Your firm has grown to roughly $1.4 billion in assets. What has been the key to that kind of success?

“My wife Laila and her team focus on the planning side. Me and my team focus on the investment side and we’ve been able to deliver consistent returns over time because we really stick to our investing principles. As a team running each side, letting each member of the team throw their fastball and do what they’re best at … has certainly been responsible for our investment returns over time and has allowed us to have a definitive investment process that’s easy to explain to our clients.”

What are some of the biggest challenges about investing in markets these days?

“Originally, ETFs were thought as a vehicle that may reduce volatility. Now they’re becoming a vehicle that may increase volatility as people become very emotional around headlines. Because of the ease with which someone can go in and out of the market with the use of ETFs, retail clients are often given the ability to run with sharp objects. Sometimes they need someone to save them from themselves. All this headline volatility induces more market volatility than should be there because of ETFs. This is one of challenges we see in the markets. The second thing is, at a macro level, more people are making more money than ever before. When you think of the American consumer — 70% of our economy is that — is as good, if not better than it’s been in a very long time. People underestimate that because they get caught up in too many headlines that are more political than they are economic. Because of that, people forget that in the end this is about fundamentals.”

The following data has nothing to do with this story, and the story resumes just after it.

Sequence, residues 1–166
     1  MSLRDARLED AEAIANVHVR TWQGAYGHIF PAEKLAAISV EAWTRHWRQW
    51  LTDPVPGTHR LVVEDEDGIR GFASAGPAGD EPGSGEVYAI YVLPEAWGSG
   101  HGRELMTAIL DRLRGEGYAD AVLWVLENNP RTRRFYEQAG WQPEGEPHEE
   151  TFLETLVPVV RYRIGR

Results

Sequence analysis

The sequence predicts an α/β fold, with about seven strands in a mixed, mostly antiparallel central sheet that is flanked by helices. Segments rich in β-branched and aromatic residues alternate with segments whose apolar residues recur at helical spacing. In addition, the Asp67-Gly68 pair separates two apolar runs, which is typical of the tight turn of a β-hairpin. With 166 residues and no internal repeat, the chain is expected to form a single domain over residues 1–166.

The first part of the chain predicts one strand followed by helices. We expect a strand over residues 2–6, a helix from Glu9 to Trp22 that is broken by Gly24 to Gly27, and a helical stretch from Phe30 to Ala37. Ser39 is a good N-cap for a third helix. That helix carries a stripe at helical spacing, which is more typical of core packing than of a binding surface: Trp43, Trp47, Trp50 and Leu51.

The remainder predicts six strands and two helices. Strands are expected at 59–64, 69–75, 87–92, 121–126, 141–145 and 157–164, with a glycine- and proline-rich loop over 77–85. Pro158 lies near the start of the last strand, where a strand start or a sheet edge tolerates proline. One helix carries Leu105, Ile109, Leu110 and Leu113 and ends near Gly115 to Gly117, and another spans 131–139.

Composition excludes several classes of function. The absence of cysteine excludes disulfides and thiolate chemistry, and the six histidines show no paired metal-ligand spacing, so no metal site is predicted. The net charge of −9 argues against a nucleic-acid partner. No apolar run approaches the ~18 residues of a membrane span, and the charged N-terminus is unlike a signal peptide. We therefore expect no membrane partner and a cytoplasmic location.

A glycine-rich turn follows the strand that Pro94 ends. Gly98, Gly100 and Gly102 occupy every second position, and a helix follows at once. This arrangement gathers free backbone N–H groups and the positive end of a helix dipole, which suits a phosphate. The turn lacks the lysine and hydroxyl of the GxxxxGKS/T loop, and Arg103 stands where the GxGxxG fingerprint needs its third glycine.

Where do you see good long-term investment opportunities right now?

“Human behavior drives consumption and the American national pastime is shopping. But the thing we’re doing differently is we’re shopping online. Therefore, we are still very constructive towards Amazon. It dominates the online retail space and it’s going to continue for a long time. It’s not just what we buy; it’s how we buy it. … If you think about the consumption process, we really like the payments space. That tends to be dominated by Visa and Mastercard in the U.S. and Europe. You also have PayPal, which owns Venmo, and American Express. We’re buying things through payment systems and those payment systems are a chokepoint. If you’re going to buy something online, you’ve got to have a way to do it. You can’t just hand them cash. We also like Disney. Disney has done a great job of positioning itself to continue to do well in the streaming wars, but they also have the content. Disney has emerged as the hands-down leader in capturing the imagination of the public. They’re able to deliver content regardless what platform you use.”

What’s the best piece of investment advice you can give to someone?

“Much of it depends on where you are in your life. For younger people, the sooner you start, the better … That’s the first thing. The second thing is you don’t need to swing for the fences every time. It’s better to look for consistent returns over time than to try to hit home runs all the time. If you try to hit home runs every time you’re up to bat, you’re going to strike out a lot … But really start as early as possible investing some and do so consistently over time. It’s standard jargon, but it works.”